Have you lost commercial power, can’t get to the office and your laptop’s battery is fading fast?
What can be done to prevent being put in such a position? Good question! We assembled our own emergency power supply from readily available items. If you want to try it yourself, here’s what we did (and it was easy!)
First, you’ll need a battery with sufficient storage capacity to power the laptop for an extended period. It also must be in an enclosure, for safety reasons. Finally, it must be easily transportable. Fortunately, there is an off-the-shelf item that satisfies this requirement nicely: an automotive jump-start pack.
It must have a cigarette lighter type receptacle. This is an example of a Shumacher XP400 unit which we purchased at a local Wal-Mart. It can be acquired for under $40. It is advertised as a 400 Amp jump starter and contains a 5 Amp-hour battery. Since many of the more efficient laptops and netbooks draw much less than 1 Amp to operate when not charging internal batteries, you can see why you’ll get many happy computing hours drawing from a source such as this. The more efficient your netbook, the greater the run time!
Next, you’ll need a voltage level that you can actually USE. The jump-start pack produces a little over 12 Volts, but almost all laptops require something in the 18 Volt range. You’ll need something to convert the 12 Volt supply into the 18 Volts that the laptop needs. As luck would have it, we found a DC-DC converter designed to do exactly that.
The one we used for testing is made by Targus and comes with a cable and multiple plugs for the end that fit most laptops and netbooks. It’s called the ‘Targus Laptop Mobile Charger with USB Fast Charging Port’. (You won’t need to use the USB charging port attachment that comes in the box to charge your phone or 4G Wi-Fi device if your jump start pack has a USB charging port.) List price is just under $70. The device is rated at 90 Watts, so check your laptop power requirements.
OK, so now there’s sufficient power at the correct voltage. Let’s add the laptop! But first, keep in mind that in order to get the most out of emergency power, you want it to perform ONE job, not TWO. We want to power the laptop. We DON’T want to power the laptop AND charge the laptop battery. Why? Because of conversion loss. Electricity used to charge a laptop battery is converted from electrical energy to chemical energy as ions are physically moved inside the battery. You do not end up storing anywhere near as much energy as you put in. Additional loss comes from the heat generated in the charging process. When charging from a wall outlet, we don’t even consider this, as electricity is still relatively cheap.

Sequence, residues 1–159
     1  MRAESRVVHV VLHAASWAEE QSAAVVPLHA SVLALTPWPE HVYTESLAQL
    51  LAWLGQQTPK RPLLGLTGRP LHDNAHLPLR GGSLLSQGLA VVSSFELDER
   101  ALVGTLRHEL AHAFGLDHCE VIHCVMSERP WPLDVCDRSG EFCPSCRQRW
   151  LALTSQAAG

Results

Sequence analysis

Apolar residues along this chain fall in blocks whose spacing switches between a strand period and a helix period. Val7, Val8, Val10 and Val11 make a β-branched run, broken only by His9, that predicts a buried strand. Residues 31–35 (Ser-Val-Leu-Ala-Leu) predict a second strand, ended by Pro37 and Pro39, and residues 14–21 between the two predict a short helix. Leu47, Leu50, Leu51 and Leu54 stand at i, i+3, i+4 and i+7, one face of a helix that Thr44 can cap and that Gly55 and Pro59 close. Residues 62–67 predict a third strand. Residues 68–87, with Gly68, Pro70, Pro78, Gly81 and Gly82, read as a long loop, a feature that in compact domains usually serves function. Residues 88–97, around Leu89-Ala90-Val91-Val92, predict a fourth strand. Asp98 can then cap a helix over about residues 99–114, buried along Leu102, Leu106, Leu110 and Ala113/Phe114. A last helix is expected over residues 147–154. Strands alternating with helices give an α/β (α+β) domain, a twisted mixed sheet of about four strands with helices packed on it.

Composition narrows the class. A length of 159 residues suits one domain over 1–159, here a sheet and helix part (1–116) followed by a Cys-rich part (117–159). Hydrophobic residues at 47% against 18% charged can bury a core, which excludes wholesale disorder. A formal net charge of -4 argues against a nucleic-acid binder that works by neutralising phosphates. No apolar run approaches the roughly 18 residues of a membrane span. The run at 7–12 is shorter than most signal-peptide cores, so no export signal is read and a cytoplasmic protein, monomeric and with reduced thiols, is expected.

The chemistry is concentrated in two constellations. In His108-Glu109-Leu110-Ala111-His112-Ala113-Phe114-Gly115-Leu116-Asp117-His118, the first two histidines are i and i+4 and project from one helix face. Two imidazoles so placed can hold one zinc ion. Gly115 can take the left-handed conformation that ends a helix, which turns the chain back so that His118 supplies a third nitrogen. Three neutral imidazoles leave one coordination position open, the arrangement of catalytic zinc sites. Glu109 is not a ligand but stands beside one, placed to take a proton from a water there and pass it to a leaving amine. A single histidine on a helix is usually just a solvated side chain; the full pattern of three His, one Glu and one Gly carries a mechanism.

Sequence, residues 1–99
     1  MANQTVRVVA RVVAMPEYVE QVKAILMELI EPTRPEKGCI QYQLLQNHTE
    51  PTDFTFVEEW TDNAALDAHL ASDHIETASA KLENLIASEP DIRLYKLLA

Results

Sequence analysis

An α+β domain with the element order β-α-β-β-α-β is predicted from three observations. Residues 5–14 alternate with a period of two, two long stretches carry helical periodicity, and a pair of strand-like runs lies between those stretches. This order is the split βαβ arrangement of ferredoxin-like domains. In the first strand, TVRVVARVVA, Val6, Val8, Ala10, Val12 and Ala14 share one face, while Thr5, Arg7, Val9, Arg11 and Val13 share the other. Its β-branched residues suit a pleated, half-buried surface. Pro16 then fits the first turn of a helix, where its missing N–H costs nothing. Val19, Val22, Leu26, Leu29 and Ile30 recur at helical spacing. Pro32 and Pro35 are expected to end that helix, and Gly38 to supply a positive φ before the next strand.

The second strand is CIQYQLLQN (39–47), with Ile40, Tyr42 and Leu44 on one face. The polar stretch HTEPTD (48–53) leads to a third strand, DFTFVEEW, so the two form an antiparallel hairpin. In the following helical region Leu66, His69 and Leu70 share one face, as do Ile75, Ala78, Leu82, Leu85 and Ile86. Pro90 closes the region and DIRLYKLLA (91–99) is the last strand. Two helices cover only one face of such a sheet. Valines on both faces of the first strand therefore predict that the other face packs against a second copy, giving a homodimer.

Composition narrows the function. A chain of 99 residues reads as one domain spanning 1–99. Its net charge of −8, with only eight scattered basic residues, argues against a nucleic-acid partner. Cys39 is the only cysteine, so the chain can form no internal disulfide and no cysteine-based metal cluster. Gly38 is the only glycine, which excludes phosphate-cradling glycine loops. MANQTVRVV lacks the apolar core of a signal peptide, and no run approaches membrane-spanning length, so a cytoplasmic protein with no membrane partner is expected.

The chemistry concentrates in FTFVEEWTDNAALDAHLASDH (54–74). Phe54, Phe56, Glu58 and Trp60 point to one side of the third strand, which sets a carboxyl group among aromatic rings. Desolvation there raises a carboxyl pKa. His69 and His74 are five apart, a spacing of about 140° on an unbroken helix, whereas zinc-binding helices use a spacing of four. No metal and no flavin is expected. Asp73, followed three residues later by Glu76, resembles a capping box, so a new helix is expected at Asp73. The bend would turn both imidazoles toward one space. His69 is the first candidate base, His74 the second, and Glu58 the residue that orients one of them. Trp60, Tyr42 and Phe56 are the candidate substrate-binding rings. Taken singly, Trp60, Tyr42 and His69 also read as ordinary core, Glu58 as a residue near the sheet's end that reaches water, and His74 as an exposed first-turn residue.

But when talking about emergency power, the goal is to minimize loss. To this end, it is recommended that you REMOVE the laptop battery prior to powering up from the emergency supply. If you are already using the laptop running on its internal battery, you can wait until that gets low, plug in your emergency supply, and then remove the laptop battery. In this way, all available power will be used productively; to power the laptop.
The final configuration is small, has very few components and is extremely portable. Power supplies such as these helped Dynamic Strategies remain productive during the relatively long-term power outages that occurred here in the aftermath of Hurricane Sandy.
With the addition of a Wi-Fi cellular internet device such as this one from Verizon (above right), which can also be powered via the USB port on the battery pack or the adapter that comes with the Targus DC-DC converter, we were able to maintain productivity where screens would have otherwise long been dark.
It should be noted that every component in this project is being used well within each manufacturer’s published specs. No modifications are required.
So, if you would like to have a little insurance against power outages, this little project might be just the thing to keep you productive in emergency situations. Just remember to keep the jump start pack charged!*
*Note: Do NOT leave the jump start pack charging all the time, or unsupervised.